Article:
The therapy is based on a test that allows physicians to identify the causes of patient’s fear.
British scientists have developed cognitive-behavioral therapy that helps children and adults not to be afraid of going to the dentist, according to an article published in the British Dental Journal.
“People with dentophobia have to prick sedatives and painkillers so that they relax and allow treatment.
However, this does not help them deal with fear in the long term, and our methodology is aimed specifically at solving this problem.
Five sessions of our behavioral therapy are enough so that such patients do not need to be sedated when they visit the dental office”, said Tim Newton of King’s College London (UK).
Newton and his colleagues tested their methodology on several dozens volunteers.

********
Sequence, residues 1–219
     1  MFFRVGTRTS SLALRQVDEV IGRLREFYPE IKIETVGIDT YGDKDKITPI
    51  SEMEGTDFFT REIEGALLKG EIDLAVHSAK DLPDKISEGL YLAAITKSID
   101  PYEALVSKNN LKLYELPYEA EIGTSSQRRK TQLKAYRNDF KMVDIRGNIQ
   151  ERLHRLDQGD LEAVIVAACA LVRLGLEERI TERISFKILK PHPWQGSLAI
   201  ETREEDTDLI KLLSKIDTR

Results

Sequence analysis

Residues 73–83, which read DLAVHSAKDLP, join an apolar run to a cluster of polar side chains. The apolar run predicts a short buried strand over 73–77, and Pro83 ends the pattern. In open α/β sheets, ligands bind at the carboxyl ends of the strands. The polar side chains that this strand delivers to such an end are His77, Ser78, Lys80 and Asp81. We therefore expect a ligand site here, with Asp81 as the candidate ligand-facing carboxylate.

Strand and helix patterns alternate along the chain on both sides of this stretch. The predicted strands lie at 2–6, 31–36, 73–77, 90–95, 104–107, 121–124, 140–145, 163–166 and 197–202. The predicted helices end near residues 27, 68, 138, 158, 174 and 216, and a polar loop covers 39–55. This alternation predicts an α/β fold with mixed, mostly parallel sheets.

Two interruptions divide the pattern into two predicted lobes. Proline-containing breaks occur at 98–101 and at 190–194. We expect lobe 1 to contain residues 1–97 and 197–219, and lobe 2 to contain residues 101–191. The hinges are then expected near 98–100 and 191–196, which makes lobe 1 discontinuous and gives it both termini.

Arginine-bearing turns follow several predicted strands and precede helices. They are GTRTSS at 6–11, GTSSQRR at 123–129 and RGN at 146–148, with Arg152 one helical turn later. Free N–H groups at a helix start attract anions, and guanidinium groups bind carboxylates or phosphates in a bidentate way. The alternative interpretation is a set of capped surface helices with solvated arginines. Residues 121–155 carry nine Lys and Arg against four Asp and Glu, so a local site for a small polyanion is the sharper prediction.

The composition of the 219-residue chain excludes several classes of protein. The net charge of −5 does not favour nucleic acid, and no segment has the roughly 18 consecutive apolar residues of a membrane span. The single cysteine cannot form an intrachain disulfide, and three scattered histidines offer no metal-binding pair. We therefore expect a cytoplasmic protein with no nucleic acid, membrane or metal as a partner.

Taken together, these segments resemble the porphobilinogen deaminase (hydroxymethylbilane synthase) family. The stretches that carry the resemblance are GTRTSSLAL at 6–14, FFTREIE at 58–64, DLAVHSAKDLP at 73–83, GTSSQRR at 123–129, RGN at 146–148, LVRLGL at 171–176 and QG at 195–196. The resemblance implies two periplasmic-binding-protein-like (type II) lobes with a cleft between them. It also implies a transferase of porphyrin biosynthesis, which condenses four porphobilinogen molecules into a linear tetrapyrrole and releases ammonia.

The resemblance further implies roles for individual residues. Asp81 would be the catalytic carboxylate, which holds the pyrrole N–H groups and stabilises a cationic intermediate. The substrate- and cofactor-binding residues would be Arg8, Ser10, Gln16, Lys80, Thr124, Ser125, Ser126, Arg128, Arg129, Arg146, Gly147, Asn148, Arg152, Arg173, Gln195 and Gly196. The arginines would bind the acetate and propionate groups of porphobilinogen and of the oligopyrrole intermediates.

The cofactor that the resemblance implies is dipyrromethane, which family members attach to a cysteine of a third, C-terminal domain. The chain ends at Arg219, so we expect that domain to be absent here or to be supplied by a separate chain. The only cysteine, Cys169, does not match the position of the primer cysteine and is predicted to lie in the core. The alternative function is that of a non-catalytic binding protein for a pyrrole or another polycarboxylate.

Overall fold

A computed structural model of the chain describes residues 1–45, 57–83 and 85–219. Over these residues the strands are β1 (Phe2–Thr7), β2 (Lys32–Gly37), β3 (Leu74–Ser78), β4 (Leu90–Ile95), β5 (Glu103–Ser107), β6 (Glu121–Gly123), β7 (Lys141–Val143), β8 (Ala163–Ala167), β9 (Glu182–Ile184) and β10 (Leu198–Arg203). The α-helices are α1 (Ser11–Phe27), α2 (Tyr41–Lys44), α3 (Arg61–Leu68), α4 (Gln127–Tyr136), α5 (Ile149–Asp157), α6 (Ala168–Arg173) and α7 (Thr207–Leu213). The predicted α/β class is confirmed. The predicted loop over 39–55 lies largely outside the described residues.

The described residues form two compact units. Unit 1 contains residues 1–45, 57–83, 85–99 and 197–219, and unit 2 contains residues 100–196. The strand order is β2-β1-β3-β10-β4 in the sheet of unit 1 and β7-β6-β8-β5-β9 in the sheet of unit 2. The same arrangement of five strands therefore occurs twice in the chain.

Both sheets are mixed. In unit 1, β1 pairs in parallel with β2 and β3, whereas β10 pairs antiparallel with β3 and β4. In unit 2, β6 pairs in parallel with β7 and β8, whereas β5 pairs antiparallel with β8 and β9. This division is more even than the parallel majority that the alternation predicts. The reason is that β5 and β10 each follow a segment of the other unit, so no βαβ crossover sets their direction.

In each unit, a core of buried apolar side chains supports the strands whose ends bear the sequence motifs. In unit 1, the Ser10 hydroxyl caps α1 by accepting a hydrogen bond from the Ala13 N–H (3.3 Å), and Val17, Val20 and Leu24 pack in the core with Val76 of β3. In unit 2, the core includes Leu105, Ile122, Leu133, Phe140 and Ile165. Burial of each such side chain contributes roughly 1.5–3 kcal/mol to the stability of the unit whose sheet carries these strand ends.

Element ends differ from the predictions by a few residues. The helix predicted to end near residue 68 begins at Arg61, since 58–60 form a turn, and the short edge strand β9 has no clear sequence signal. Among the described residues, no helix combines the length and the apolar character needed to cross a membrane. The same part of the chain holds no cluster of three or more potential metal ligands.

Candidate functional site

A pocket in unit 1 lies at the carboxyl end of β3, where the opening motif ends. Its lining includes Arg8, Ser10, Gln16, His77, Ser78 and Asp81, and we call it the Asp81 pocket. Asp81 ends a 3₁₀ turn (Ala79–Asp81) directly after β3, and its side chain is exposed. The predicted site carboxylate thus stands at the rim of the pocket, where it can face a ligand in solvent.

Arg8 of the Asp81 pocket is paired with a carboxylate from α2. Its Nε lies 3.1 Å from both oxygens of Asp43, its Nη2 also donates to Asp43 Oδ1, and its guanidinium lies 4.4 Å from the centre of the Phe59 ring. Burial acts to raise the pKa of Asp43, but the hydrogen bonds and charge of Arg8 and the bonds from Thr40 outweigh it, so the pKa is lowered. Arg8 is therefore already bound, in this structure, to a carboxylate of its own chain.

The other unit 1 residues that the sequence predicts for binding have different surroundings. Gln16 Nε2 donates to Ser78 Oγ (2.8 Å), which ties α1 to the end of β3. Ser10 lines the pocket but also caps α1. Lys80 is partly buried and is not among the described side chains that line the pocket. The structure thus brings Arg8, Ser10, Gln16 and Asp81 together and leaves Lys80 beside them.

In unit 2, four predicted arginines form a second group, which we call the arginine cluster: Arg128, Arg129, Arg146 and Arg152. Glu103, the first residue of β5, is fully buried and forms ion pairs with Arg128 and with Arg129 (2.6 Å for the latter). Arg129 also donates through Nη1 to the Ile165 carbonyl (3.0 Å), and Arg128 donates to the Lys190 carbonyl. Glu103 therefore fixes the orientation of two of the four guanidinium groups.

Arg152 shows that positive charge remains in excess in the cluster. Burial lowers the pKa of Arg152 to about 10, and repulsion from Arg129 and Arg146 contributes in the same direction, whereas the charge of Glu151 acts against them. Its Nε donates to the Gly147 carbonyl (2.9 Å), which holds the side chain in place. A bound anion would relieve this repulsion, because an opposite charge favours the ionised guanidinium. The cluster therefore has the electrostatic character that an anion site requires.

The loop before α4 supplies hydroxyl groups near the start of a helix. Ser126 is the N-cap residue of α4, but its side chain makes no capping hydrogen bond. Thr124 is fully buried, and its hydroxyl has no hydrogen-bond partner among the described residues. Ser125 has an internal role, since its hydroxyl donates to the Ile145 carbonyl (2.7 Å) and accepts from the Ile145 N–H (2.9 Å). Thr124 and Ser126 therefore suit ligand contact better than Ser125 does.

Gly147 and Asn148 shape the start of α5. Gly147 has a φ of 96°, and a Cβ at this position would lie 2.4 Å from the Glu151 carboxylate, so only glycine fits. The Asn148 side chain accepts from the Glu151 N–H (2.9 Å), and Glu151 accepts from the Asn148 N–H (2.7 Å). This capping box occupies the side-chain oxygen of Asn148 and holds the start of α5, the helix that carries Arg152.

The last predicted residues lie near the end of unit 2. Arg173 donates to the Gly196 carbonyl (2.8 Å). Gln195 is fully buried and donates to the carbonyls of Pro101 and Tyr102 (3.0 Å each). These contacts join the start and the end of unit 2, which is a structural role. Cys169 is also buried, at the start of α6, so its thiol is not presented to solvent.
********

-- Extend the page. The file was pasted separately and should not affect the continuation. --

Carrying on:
They observed oral hygiene, dental health and the behaviour of participants in the experiment, some of whom were terrified of dentists, drill machines and dental offices.
The therapy is based on a test that allows physicians to identify the reasons for the patient’s fear, which further makes it possible purposefully deal with this phobia during cognitive-behavioral therapy sessions.
According to Newton, the greatest fear among the majority of participants was caused by a drill or injections, and only a small part were afraid of the doctors themselves or other attributes of dentistry.